Seed Of Inspiration

The Pomological Pursuit of Happiness

Emily Johnson reflects on her experience within the UC Davis Horticulture and Agronomy Graduate program and how it has shaped her career in pomology.

 

Emily Johnson stands at Heirloom Orchards, surveying several apple cultivars on harvest day.
Emily Johnson stands at Heirloom Orchards, surveying several apple cultivars on harvest day.

 

Heirloom Orchards sits south of the Columbia River in north central Oregon. Comfortably nestled between history and novelty, this family-owned orchard is known for its pears and more than 20 seasonal varieties of organic apples. Emily Johnson, the Assistant to Farm Manager, works diligently to provide optimal orchard management practices that promote tree health and maintain fruit quality and production.

 

Johnson’s primary responsibilities include performing apple maturity tests to determine harvest dates, completing juice quality and chemistry evaluations to advertise their apples to cider makers, and lending a helping hand in the packing house. However, her duties expand far beyond apples: she also researches the best cover crops, planting arrangements, nursery and nutrient plans, and more.

 

So what is the best part about working for a pome orchard? According to Johnson, “no two days are alike.”

 

As a vital contributor to the success of Heirloom Orchards, Johnson has honed her craft in research and perfected her approach to experimentation at UC Davis. Through the Horticulture and Agronomy Master’s program, she has completed her thesis, successfully applying all of the concepts, techniques, and methods she absorbed from performing her own countless hours of research.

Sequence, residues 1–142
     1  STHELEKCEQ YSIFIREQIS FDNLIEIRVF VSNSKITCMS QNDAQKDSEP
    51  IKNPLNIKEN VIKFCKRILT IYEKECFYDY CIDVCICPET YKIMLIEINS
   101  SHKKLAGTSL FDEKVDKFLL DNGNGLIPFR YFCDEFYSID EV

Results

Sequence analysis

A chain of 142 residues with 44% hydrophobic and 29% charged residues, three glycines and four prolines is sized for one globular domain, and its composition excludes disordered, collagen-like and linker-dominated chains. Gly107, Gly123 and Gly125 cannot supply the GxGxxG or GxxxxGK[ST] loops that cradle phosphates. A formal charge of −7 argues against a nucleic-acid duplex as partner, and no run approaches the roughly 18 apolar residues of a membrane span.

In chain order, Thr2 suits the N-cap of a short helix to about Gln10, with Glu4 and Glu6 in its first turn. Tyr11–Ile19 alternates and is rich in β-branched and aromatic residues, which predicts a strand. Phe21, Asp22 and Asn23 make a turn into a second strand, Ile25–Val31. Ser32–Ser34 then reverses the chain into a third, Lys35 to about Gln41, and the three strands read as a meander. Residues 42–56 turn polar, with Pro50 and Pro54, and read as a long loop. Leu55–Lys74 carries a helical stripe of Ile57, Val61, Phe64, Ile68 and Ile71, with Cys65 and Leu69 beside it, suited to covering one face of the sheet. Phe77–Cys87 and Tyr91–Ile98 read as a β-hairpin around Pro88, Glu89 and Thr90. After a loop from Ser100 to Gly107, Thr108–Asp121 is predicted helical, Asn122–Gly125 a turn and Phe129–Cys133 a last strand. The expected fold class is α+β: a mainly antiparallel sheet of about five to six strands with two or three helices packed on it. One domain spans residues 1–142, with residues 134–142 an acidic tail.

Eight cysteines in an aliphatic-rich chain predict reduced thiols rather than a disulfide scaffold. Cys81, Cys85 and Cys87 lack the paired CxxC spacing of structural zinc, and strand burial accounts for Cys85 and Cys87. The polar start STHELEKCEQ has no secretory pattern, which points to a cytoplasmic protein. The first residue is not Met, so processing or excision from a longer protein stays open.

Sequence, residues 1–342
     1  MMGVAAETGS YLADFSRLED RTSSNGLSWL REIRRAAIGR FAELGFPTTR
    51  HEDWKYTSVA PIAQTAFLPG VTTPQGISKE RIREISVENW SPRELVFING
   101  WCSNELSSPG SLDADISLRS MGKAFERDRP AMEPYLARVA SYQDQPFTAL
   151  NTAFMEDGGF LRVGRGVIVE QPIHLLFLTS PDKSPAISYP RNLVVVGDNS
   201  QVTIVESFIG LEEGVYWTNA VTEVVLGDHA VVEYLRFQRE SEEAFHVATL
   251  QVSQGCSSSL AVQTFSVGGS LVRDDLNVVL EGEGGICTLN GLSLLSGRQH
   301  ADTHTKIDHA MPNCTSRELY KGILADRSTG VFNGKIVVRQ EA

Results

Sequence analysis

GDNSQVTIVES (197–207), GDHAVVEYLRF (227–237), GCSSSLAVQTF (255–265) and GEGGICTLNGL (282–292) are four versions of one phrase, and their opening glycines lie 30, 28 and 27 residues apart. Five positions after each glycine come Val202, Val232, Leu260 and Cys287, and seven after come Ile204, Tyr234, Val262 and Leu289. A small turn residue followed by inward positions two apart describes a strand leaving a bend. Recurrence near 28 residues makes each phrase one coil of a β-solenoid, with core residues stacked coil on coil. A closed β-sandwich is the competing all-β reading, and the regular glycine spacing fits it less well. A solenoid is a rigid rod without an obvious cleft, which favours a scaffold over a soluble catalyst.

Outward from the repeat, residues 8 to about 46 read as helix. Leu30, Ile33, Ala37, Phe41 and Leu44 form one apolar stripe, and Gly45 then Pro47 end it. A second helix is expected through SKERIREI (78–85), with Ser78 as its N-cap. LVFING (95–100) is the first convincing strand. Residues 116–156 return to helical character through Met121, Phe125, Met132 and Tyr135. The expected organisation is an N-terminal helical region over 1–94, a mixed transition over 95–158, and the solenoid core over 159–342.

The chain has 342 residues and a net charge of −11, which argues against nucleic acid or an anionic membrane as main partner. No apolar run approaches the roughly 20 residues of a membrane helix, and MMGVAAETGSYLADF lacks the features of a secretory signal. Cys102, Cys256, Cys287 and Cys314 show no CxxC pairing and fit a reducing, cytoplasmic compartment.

Rooted in the USDA almond rootstock breeding program, Johnson selected 20 genotypes of wild peach, plum, and almond species that held the potential for a highly desired trait—disease resistance. Specifically, these varieties were resistant to soil-borne pathogens. They were also a popular choice as parent genotypes in relation to breeding interspecific hybrids. As an aspiring pomologist, Johnson focused her two-year project on the possibility of clonally propagating leafy, semi-softwood cuttings of the aforementioned genotypes in different concentrations of the rooting hormone, IBA. 

 

Although her primary focus was her research, Johnson recalls that her graduate school experience was more than that. The highlights of her academic career were, at times, the small things, such as department happy hours and coffee-bagel donut day. She recalls that the most influential experience was “surrounding [her]self with passionate and inquisitive people.”

 

Encouraging others to take the leap, Johnson advises prospective candidates to put oneself out there and socialize with fellow graduate students and professors. They are one’s strongest support system and will be key when searching for careers and solving puzzling predicaments in the future. 

 

Emily Johnson graduated with a Master's degree in Horticulture and Agronomy in 2019 and now works full-time as an Assistant to Farm Manager at Heirloom Orchards in north central Oregon.

Starting from October 2019, we began featuring our alumni from Horticulture and Agronomy graduate group at UC Davis in the section “Student Experience: Seed of Inspiration”. If we were to compare a graduate school experience to seed developmental process, throughout the journey, their mentors, colleagues and friends have been helping prepare our students, the developing seeds, for adventures away from mother plants. Once graduated, our students then became ripened seeds, ready to grow independently and inspire others! This article is written by our talented writing intern, Lila Dobroff. Lila helps tell inspiring stories of how our seeds, alumni of Horticulture and Agronomy, develop and bear tasty fruits for the community!

 

 

Primary Category

Tags